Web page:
Viola Liuzzo

views updated Jun 08 2018

Viola Liuzzo

Viola Liuzzo (1925-1965) was the first white woman killed during the American civil rights movement. Inspired by the efforts of African Americans in the South to obtain the right to vote, she left her home in Detroit and participated in the Selma-to-Montgomery, Alabama march for black voting rights in 1965. While shuttling marchers in her car, she was shot and killed by members of the Ku Klux Klan, a white supremacist organization determined to keep segregation alive.

Viola Gregg Liuzzo was born on April 11, 1925 in the small town of California, Pennsylvania. Her father, Heber Ernest Gregg, worked in a coal mine until his right hand was blown off in a mining explosion. He left school in the eighth grade, but taught himself to read. Her mother, Eva Wilson Gregg, had a teaching certificate from the University of Pittsburgh, but finding work was not always easy for her. Viola was the couple's first child. Her sister, Rose Mary, was born eleven years later. During the Great Depression, the family moved from Georgia to Tennessee, where Eva Gregg found a teaching position. The family was very poor and lived in one-room shacks with no running water. The schools Liuzzo attended did not have adequate supplies and the teachers were too busy to give extra attention to children in need. Because the family moved so often, Liuzzo never began and ended the school year in the same place. Although her parents argued against it, Liuzzo dropped out of school in the tenth grade. She and her father often argued about her social activities and, at the age of 16, Liuzzo ran away and married a much older man. The marriage lasted only one day.

New Beginnings in Michigan

Liuzzo moved to Michigan with her family, where her mother found work in a bomb factory and then at a Ford Motor plant. Liuzzo worked as a waitress. She met and married George Argyris when she was 18. In 1946, their daughter Penellipi (Penny) was born and, in 1948, Mary Eva followed. After seven years of marriage, the couple divorced and Liuzzo received custody of the girls. Being a single mother proved difficult, and the girls were sent to live with their grandparents.

While working as a waitress in Detroit, Liuzzo met Anthony James (Jim) Liuzzo, a business agent for the Team-sters Union. Liuzzo converted to Catholicism and married him in 1950. The girls came to live with them and the couple soon had two sons, Thomas in 1951 and Anthony, Jr., in 1955. A daughter, Sally, was born in 1958 with severe health problems, which she overcame with the help of her mother's care and attention. The family lived in a middle class, racially integrated neighborhood. Liuzzo had a reputation for helping others. She took particular pleasure in teaching her children about nature and would take them on walks and camping trips. Liuzzo loved to read philosophy and history. She read to her children from Henry David Thoreau's works and taught them the meaning of civil disobedience. Sarah Evans, the family's African American housekeeper and friend, taught Liuzzo how hard her life was because of racism and encouraged Liuzzo to join the National Association for the Advancement of Colored People (NAACP).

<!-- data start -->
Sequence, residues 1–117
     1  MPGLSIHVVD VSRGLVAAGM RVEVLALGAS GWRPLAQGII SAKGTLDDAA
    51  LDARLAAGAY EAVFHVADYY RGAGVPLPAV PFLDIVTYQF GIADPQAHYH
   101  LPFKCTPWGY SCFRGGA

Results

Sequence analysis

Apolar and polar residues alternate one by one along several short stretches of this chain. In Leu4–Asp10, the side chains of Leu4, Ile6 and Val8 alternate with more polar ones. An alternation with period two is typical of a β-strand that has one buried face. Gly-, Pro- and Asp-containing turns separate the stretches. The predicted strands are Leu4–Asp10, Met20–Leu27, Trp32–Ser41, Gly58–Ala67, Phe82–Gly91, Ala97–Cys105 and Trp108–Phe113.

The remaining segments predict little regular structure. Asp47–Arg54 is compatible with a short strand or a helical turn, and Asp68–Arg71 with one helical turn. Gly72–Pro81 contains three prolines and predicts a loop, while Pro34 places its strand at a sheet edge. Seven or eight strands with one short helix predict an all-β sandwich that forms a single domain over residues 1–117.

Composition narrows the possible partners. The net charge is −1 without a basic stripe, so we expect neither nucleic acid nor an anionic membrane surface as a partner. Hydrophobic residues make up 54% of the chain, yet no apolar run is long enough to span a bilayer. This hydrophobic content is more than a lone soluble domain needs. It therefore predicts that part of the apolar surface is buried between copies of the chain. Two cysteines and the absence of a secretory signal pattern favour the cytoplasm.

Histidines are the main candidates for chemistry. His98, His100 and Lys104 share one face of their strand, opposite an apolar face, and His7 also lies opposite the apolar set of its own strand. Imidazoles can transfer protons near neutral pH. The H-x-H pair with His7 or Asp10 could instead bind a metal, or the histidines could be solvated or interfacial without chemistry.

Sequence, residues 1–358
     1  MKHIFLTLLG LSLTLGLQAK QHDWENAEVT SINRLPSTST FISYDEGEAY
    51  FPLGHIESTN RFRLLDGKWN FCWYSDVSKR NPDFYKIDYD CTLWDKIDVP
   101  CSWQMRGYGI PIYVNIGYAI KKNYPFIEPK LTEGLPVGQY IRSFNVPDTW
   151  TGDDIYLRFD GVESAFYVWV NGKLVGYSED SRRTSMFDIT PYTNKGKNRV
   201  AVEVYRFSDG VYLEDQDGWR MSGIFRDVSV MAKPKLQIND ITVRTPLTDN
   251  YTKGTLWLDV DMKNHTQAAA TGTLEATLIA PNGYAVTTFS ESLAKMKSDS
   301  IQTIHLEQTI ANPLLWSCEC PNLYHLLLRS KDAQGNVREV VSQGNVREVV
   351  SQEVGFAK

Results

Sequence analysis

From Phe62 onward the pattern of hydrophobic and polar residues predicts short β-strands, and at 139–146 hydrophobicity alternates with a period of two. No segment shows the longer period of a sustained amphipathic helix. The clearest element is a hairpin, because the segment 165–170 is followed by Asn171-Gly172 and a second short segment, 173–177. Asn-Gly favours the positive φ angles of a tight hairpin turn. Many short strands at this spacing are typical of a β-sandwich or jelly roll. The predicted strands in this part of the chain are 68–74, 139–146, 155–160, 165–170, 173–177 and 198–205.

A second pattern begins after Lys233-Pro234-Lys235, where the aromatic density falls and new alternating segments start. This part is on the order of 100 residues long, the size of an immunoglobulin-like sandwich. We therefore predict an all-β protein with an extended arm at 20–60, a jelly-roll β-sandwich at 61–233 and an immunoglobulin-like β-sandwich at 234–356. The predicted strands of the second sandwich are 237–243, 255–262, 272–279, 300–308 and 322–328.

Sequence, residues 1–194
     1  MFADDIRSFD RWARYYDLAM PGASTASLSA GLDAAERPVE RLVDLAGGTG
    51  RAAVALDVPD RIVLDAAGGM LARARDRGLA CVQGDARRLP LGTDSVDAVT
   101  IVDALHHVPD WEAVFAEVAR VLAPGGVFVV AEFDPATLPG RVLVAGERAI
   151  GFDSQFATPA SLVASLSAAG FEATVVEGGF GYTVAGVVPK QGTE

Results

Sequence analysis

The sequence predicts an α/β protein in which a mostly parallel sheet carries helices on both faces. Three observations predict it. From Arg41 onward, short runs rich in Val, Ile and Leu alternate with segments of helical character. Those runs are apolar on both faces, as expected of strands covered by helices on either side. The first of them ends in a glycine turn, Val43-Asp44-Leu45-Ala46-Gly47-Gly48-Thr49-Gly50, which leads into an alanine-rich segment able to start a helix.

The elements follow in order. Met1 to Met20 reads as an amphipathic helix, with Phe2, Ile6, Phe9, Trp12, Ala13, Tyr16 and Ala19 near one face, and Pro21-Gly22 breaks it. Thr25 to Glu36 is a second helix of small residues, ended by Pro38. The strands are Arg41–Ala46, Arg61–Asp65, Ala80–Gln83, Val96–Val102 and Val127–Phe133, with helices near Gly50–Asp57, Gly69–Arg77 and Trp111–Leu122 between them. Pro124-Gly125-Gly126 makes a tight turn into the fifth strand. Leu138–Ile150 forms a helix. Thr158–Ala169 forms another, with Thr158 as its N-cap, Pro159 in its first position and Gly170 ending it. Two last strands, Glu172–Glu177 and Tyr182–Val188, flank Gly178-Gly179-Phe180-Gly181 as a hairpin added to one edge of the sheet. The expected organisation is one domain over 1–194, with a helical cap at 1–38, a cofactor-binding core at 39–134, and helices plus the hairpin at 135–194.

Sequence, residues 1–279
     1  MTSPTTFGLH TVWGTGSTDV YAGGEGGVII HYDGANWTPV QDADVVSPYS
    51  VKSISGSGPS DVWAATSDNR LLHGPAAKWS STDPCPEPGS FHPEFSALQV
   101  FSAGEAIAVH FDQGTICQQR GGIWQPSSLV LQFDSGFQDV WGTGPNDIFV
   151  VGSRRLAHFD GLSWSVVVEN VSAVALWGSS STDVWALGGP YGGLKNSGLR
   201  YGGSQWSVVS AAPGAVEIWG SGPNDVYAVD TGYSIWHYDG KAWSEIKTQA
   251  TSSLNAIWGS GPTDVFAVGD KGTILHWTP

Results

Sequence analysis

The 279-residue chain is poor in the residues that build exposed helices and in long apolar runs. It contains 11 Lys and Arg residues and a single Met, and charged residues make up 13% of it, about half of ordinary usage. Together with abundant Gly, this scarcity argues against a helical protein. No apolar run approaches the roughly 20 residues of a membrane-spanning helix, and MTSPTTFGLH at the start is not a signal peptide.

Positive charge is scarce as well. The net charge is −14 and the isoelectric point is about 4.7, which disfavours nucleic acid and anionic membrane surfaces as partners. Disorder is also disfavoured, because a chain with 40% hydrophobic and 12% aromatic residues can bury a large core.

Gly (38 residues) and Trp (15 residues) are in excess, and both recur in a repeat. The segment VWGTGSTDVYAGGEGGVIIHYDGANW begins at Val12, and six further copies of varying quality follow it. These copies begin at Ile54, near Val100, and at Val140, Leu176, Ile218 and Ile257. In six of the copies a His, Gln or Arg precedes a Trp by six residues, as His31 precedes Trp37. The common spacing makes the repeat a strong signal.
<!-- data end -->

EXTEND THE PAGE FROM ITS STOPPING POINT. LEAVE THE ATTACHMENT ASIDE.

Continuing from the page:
Liuzzo regretted dropping out of high school. In 1961, she enrolled in night classes at a career training school, the Carnegie Institute of Detroit. There she studied to become a medical laboratory assistant. She graduated in 1962, an honor student who received a gold trophy for her outstanding academic work. Using her new skills and knowledge, Liuzzo went to work for the Parkview Medical Center. She felt that labor practices at Parkview were unfair and tried to expose them to public scrutiny. Liuzzo claimed to have stolen a microscope and insisted on being taken to the police station. This action attracted media attention since her husband had become a local labor leader. Liuzzo next found part-time work at Sinai Hospital. In May 1962, she enrolled at Wayne State University, taking English and philosophy, among other courses. The university exposed Liuzzo to political ideas of the time, including debates about the Vietnam War and discussions on civil rights.

Time for Action

In February 1965, a night demonstration for voting rights at the Marion, Alabama courthouse turned very ugly. State troopers clubbed marchers and beat and shot a 26-year-old African American named Jimmie Lee Jackson, who later died. His death spurred on the fight for civil rights in Selma, Alabama. The Southern Christian Leadership Conference (SCLC) scheduled a protest march for Sunday, March 7. Governor George Wallace banned the march, but the ban was ignored. Six hundred marchers headed for the arched Edmund Pettus Bridge that crossed the Alabama River. As the protesters reached the crest of the bridge, they saw a terrifying sight on the other side: state troopers armed with clubs, whips, and tear gas, and a sheriff's posse on horseback. When told to stop and disperse, the marchers refused. The troopers advanced on the marchers, clubbing and whipping them, fracturing bones and gashing heads. Seventeen people were hospitalized on the day later called "Bloody Sunday."